The extremely pure salt of the lake accounts for up to 80 percent of Russia’s salt production: Baskunchak churns out between 1.5 and 5 million tons of salt annually, depending on the consumption level. Baskunchak Railway was built to transport salt from the mines.
“Raspberry” lakes are also located in the vicinity of Astrakhan. These salt lakes are peculiar not only because of their color, but also because of their odor; this salt has a faint raspberry smell.
This is why the salt produced at these lakes — up to 100 poods (roughly 3,520 pounds) annually — was thought to be of the finest quality and delivered exclusively to Empress Catherine II.
With its pale pink or orange color, this salt preserved the aroma of raspberries or violets. Scientists attribute these properties to the abundance of red brine crustaceans in the lakes.
They dissolve in the salty water, thus lending the salt its color and aroma. These crustaceans are the favorite food of flamingos.
The Volga is enjoying a new lease of life as a travel destination. The fleet of cruise ships has been renewed, and travelers can now get from Nizhny Novgorod, Samara or Kazan to the Caspian Sea in style.
If you start your voyage on the Upper Volga, you will see cascade water power plants on the Rybinsk Reservoir and gems of the Golden Ring.
Eco-tourists enjoy canoeing from the Valdai Hills to Astrakhan, while trophy fishing enthusiasts travel to Lake Seliger and the Volga Delta year round, hoping to catch 220-pound catfish, as well as carp, pike perch, perch and buffalo.
Youth and eco-camps are springing up in the Middle and Lower Volga Regions, offering horseback trips, trekking in the Zhiguli Mountains and yachting.
The Volga has been the main waterway in Russia since the 16th century. Right after Ivan IV (Ivan the Terrible) conquered Kazan and Astrakhan, an intensive movement of people and goods began on the river.
Its economic value reached its zenith in the mid-20th century, when what is now called the Unified Deep Water System (UDWS) of European Russia was built.
Its member channels connect the White, Baltic, Azov, Black and Caspian Seas. Therefore, every city on the Volga River is a potential 5-seas port.
However, the potential of the rivers in Russia has hardly been utilized in recent years, and the Volga has virtually ceased to have any significant impact on the economy.
According to, Kira Zavyalova analyst at Investkafe, the Volga River is currently used for transporting coal, ore, building materials, wood, agricultural products, fertilizers, cars and agricultural machinery.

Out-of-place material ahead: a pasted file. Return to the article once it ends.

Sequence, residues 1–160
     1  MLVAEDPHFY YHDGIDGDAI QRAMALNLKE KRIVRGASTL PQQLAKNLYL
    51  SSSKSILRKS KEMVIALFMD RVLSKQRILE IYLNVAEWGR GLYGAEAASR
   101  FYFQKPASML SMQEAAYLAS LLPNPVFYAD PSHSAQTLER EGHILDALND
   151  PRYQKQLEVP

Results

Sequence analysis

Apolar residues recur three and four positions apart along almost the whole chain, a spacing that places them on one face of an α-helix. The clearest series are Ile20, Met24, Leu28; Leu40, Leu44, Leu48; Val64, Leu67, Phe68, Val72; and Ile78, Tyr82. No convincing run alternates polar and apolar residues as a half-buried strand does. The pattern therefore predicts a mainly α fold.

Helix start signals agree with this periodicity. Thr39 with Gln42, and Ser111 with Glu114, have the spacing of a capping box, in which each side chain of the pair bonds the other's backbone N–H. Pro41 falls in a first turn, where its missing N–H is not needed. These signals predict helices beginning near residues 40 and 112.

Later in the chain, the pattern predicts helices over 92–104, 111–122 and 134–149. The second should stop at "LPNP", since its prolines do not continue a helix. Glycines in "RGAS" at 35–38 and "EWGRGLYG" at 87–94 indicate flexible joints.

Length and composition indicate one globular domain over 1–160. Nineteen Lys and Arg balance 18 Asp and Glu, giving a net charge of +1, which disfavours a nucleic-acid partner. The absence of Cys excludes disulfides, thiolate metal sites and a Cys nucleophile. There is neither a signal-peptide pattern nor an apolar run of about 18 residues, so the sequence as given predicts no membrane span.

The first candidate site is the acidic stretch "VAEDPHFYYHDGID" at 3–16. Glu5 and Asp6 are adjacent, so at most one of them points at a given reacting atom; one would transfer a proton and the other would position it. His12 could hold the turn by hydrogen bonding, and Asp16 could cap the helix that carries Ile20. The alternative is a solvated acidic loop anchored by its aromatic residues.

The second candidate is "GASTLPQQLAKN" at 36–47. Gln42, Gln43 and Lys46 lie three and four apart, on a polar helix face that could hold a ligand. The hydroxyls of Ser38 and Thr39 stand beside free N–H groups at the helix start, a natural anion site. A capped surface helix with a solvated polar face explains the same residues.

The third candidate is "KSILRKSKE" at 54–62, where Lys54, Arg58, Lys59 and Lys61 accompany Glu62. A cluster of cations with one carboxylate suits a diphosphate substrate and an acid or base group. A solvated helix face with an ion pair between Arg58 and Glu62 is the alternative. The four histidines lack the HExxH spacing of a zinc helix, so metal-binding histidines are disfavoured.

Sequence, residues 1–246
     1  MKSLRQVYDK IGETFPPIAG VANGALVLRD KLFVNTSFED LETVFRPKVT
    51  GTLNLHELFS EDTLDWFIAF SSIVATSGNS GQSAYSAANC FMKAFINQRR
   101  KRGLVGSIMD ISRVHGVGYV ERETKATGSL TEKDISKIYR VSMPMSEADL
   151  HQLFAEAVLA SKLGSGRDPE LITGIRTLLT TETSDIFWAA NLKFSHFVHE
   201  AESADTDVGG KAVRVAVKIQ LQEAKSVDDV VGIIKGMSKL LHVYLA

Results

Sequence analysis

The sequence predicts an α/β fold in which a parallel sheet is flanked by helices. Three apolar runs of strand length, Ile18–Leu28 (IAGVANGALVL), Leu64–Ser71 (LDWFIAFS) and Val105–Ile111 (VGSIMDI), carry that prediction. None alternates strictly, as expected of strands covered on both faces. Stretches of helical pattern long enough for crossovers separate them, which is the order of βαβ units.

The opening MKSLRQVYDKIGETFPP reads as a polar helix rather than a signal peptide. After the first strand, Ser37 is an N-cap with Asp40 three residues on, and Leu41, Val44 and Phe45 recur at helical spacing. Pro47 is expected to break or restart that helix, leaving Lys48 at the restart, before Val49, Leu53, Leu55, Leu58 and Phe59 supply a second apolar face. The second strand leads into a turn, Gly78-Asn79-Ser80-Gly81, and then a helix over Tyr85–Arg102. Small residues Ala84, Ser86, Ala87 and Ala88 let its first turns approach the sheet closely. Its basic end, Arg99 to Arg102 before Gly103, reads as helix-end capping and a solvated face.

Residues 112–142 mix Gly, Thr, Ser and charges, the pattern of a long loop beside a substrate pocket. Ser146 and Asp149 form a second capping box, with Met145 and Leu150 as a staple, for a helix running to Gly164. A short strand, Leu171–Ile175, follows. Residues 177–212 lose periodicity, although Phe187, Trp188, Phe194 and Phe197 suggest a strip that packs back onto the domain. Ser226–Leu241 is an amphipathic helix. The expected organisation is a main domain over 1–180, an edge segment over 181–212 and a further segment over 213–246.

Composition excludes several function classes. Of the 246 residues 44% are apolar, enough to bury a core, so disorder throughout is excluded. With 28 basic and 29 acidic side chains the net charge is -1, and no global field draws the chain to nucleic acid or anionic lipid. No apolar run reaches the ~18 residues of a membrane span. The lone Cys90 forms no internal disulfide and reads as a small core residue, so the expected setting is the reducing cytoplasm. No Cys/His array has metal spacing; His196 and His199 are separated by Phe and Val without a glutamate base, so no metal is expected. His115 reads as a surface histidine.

However, this is only about 2–4 percent of all goods transported in the country. The UDWS share of this amount is only two-thirds, and this may fall even more due to the deterioration of transport vessels.
According to the Russian Association of Shipping Companies (ASC), the average Russian river ship is now 28 years old. Today, no more than 20 small river ships are built each year in Russia, whereas, in the 1980s, several hundred were built each year.
Transportation of people on the rivers is in decline as well, because there has been virtually no new construction of passenger ships since the early 1990s.
Last year, the domestic water transport system carried 13.6 million people. “Annual reductions in passenger river transport are now a common trend in Russia [a decline of 3 percent in 2012, compared to 2011] due to the displacement of public demand toward other modes of transportation,” says Kira Zavyalova.
The operations of passenger lines on rivers are usually subsidized from regional budgets. For example, in Yaroslavl, one of the oldest Russian cities on the Volga River, a five-mile trip costs only 16 rubles ($.50).
On this amount of money, shipping companies cannot survive, even with a full and constant loading of the ships. After all, just one new engine for a ship costs 4.5 million rubles ($150,000).
These subsidies are costing the regional government 18 million rubles ($600,000) each year, but many regions cannot afford that.
By comparison, in Moscow, passenger transport companies charge 450–900 rubles ($15–30) for a short trip on the river. Only at such a price level is it possible to run a profitable business.
According Professor Eduard Mednik, an expert at the Russian Shipbuilding Center, in developed countries, shipping on rivers is a profitable family business, because it requires simple and cheap ships, and the crew often consists of just two people —a husband and wife team.
In Germany, one-fifth of the freight is transported on inland waterways, and, in Belgium, it is one-tenth; the European Union average is around 11 percent.
Transport companies also believe in the potential of the Volga. Dmitry Plyuschev, general director of Daymanta LLC, is convinced that an intensive development of the river fleet is needed: “On the basis of state programs to develop Russia as a transit state, the country requires the construction and operation of ‘river-sea’ cargo and passenger ships, to ensure the expansion of trade and economic relations of the Volga region.”
He believes that these types of programs will be able to revive shipbuilding, transport and related industries, and create hundreds of thousands of new jobs in the regions.
However, so far, the most ambitious plans from the government call for increasing traffic on the rivers 1.5 times, and this is only 1–2 percent.
The call for such an increase is for a good reason: Maintenance of waterways costs 50 times less than that of roads and railways of the same length.
In addition, the cost of transporting goods by river transport cost eight times less than by railway cars and 20 times less than by trucks.